Refractory periodontitis and recurrent periodontitis (see Understanding Periodontal Diseases: Assessment and Diagnostic Procedure in Practice) can be difficult to distinguish. Both tend to result in continued periodontal destruction despite conventional therapy. Given that patients have received appropriate treatment and are enrolled into an adequate supportive periodontal care programme (Chapter 7), refractory periodontitis is most likely to be due to a number of host factors, such as smoking, stress or specific immune defects rather than the presence of a particular microflora. Studies investigating adjunctive antibiotics in the treatment of refractory periodontitis have provided conflicting data. There is no clear answer as to whether adjunctive antibiotics are beneficial, or which antibiotic should be used. This is because of the variable nature of the periodontal microflora amongst patients diagnosed with refractory periodontitis, together with the importance of other host factors. In summary, therefore, adjunctive systemic antibiotics cannot be justified in this group of patients. Instead, the emphasis must be on excellent plaque control, reinstrumentation to disrupt subgingival biofilms, and risk factor management.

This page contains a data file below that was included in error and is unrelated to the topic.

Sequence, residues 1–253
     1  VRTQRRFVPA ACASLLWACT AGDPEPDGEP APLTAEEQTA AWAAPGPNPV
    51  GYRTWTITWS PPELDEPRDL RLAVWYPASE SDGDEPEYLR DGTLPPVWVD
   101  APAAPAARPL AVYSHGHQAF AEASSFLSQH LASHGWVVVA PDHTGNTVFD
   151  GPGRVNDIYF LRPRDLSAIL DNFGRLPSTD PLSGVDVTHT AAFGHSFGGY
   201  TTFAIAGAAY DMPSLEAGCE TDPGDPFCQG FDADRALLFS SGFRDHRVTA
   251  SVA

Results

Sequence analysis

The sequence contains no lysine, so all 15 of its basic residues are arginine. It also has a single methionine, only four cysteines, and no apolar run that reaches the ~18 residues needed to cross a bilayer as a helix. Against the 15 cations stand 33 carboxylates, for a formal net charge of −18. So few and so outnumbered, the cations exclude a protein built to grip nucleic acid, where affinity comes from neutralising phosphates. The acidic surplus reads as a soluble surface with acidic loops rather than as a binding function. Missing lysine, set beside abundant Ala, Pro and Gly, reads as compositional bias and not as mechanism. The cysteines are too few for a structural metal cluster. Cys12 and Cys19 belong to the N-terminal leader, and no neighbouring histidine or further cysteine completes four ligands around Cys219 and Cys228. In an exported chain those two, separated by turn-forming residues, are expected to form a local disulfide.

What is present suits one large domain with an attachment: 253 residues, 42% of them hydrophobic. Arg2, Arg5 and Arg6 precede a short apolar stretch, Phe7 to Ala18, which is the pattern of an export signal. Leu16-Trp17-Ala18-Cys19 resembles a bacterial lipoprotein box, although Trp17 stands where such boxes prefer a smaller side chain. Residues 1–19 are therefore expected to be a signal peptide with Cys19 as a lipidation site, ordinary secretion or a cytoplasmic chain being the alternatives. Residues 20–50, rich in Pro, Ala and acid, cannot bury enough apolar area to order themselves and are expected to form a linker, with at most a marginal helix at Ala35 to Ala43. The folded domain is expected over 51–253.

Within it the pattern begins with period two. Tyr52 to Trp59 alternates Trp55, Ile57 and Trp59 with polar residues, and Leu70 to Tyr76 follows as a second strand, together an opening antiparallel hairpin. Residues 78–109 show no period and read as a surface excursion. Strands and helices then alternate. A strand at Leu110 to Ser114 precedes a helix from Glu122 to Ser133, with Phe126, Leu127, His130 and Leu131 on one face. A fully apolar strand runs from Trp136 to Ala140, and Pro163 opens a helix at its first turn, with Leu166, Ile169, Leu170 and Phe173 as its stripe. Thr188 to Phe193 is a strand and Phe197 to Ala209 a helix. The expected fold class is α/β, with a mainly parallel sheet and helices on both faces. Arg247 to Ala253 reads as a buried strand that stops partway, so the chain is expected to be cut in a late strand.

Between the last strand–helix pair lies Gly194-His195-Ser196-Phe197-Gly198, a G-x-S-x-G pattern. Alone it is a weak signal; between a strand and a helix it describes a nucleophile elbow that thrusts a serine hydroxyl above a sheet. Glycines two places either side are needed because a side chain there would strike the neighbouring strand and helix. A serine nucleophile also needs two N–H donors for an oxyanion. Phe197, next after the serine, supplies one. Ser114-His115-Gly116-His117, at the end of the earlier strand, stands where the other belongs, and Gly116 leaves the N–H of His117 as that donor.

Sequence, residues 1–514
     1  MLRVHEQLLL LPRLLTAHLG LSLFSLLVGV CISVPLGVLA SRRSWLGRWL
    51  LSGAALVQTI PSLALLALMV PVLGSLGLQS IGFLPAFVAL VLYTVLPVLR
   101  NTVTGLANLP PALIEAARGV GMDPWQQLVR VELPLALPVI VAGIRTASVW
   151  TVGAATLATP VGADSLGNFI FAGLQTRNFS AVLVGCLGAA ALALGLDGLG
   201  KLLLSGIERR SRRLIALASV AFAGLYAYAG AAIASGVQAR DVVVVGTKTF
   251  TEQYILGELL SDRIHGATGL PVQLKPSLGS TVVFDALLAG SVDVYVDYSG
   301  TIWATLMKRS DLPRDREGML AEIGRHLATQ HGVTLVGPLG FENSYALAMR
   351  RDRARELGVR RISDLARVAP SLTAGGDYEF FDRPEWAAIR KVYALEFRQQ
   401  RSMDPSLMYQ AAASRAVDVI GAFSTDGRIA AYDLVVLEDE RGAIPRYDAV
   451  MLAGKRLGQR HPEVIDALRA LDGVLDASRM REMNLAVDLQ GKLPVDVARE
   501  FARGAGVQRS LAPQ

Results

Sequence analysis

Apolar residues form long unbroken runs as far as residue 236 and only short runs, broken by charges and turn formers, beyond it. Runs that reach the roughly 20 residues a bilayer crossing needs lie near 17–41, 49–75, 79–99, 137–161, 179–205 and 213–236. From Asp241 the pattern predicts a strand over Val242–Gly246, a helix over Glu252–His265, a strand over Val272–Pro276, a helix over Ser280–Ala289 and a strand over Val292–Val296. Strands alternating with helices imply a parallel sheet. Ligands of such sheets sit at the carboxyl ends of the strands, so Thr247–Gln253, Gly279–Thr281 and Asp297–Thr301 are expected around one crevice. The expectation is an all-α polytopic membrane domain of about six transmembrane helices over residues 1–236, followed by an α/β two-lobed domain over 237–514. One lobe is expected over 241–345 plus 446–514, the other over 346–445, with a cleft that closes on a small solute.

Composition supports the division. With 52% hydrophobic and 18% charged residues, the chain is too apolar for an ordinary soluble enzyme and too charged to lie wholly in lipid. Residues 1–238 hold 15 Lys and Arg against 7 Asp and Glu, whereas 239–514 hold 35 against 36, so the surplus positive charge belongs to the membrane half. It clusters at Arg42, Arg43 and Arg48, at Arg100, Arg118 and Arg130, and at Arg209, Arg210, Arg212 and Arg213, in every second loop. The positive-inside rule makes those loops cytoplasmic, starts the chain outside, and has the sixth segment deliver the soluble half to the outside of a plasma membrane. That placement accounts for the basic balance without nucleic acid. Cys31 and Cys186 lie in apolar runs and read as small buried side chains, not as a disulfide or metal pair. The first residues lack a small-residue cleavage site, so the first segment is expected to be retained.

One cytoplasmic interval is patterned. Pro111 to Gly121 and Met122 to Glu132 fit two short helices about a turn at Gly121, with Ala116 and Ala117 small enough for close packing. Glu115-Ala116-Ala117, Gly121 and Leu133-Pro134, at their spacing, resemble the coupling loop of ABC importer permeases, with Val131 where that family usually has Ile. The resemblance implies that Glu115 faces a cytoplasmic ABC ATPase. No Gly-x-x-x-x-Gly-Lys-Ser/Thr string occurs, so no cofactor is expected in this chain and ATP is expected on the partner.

Patients who present with multiple periodontal abscesses may be treated with adjunctive antibiotics if there is evidence of spreading systemic infection (e.g. raised temperature and cellulitis). The aim of treatment of a periodontal abscess is to achieve drainage of pus, preferably via the periodontal pocket following RSI. If drainage can be achieved in this way, then in the majority of cases the need for systemic antibiotics will be negated. If antibiotics are required, however, amoxicillin 250mg, three times daily for seven days should be sufficient when used as an adjunct to RSI, but the need for systemic antibiotics is the exception rather than the rule.